Ft. Stewart soldiers and their families turned out in force to see their commander-in-chief. President Obama spoke to a crowd of thousands at the Army post near Savannah. He also signed an executive order aimed at preventing colleges from fraudulently marketing to veterans. First Lady Michelle Obama joined the President on the brief Georgia visit.
President Obama is traveling to Southeast Georgia's Ft. Stewart on Friday. Administration officials say, the visit is about adding new protections for veterans and military families swindled or misled by schools seeking their federal education benefits. The President is announcing initiatives aimed at reducing deceptive marketing to veterans.
When President Barack Obama leaves Atlanta this evening after three fundraising events, he’s likely taking hundreds of thousands of dollars with him. But winning Georgia’s votes in November might be a different story.
Savannah's mayor says she got to lobby President Barack Obama for his support on deepening the city's bustling seaport. Mayor Edna Jackson was among 14 city leaders who met with Obama on Monday in Washington, where they're attending a conference of the National League of Cities.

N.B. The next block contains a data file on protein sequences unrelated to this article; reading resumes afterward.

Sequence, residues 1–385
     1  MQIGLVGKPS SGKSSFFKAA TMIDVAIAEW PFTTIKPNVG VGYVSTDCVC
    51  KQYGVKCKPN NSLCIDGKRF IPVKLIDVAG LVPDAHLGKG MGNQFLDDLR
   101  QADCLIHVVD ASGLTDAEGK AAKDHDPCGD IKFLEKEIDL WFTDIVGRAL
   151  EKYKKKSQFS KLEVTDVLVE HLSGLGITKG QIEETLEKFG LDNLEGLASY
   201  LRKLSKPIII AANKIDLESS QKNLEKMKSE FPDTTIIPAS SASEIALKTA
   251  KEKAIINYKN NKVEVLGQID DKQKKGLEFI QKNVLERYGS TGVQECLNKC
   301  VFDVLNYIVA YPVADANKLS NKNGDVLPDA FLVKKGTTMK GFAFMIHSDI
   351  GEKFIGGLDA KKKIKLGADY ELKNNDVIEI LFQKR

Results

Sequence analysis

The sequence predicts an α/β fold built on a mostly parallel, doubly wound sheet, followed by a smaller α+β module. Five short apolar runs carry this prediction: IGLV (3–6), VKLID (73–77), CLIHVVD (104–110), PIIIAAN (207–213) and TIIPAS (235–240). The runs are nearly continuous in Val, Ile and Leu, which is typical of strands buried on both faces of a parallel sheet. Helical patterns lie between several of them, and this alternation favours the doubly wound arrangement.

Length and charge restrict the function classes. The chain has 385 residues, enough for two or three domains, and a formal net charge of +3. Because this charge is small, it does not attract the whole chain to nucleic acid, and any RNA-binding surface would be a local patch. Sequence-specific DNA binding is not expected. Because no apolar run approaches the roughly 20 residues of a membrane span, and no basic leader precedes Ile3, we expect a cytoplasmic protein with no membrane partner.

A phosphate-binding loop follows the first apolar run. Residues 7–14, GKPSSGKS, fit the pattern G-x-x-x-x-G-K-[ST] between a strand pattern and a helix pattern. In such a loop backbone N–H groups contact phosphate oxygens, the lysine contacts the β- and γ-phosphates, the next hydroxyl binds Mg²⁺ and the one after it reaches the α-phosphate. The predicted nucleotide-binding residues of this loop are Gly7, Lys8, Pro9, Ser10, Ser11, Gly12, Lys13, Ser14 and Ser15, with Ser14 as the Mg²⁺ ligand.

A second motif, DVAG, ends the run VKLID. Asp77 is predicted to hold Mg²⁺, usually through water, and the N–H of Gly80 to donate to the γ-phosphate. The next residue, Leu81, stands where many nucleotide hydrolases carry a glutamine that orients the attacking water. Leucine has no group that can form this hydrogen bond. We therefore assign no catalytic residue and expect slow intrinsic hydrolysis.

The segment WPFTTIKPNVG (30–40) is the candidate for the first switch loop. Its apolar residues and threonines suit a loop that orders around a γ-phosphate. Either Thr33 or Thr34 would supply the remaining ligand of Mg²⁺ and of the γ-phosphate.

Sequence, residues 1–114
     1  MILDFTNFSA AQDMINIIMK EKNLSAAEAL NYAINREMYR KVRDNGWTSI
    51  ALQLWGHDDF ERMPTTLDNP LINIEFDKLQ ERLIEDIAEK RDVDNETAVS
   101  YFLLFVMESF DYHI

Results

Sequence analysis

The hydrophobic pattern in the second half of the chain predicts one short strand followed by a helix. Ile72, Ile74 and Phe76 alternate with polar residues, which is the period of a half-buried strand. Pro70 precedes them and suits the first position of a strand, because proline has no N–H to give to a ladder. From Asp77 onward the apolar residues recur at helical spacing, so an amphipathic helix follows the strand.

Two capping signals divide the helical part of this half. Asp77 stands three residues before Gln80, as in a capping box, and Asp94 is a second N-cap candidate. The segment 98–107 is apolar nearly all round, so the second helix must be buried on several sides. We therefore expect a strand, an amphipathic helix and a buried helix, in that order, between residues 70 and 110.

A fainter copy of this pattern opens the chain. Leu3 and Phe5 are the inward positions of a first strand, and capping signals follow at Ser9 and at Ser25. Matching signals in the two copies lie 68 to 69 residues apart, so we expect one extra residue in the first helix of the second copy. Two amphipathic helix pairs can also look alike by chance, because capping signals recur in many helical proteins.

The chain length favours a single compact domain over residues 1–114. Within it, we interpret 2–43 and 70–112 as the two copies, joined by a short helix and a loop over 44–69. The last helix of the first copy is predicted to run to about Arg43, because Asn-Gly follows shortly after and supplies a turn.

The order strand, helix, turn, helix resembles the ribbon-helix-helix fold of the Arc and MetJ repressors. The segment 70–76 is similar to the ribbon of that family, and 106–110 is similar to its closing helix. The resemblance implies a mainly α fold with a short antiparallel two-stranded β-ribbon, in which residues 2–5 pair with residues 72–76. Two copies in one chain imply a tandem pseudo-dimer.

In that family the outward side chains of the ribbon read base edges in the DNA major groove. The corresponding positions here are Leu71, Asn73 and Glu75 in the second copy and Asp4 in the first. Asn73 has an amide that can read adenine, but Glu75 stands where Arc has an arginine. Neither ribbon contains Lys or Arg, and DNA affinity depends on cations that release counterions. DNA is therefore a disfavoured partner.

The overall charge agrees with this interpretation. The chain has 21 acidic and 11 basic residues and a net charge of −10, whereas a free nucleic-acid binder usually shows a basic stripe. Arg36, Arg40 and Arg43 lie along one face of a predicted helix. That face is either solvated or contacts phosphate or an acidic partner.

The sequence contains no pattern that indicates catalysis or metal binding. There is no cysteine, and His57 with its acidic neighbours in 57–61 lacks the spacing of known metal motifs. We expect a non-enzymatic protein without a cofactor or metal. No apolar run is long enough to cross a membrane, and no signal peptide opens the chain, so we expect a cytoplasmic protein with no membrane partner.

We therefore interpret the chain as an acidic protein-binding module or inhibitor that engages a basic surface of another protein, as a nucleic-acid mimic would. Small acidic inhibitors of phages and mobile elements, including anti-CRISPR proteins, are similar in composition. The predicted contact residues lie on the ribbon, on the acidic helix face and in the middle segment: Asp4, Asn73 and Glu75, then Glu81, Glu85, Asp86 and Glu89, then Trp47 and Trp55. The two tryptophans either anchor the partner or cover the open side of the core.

The country's top nuclear regulators are holding a first-of-its-kind meeting. The mandatory meeting of the U.S. Nuclear Regulatory Commission comes before voting later this year or early next year on whether Atlanta-based Southern Co. and its partners can build and operate two more reactors at Plant Vogtle near Augusta.
It'll be another year before the Georgia Ports Authority can expect major funding for a long-sought Savannah harbor deepening project. The agency's director says, given the project and budget timelines, the best Georgia can hope for in the budget now before Congress is $600,000 requested by President Obama. That's enough to keep the project going but far less than the $100 million needed to start construction.
Georgia U.S. Senator Johnny Isakson says despite the theatrics of meetings, “a deal is possible” out of the debt reduction talks going on in Washington. On Thursday afternoon, key lawmakers and President Barack Obama were to head back for a fifth day of debt-limit negotiations.
General aviation industry officials say, 7,000 Georgians go to work everyday in their industry -- and that should be good reason to keep a tax break in place for the wealthy customers who buy private airplanes. Current federal budget negotiations have opened a torrent of criticism toward what some -- including President Obama -- characterize as a tax loophole for fat cats.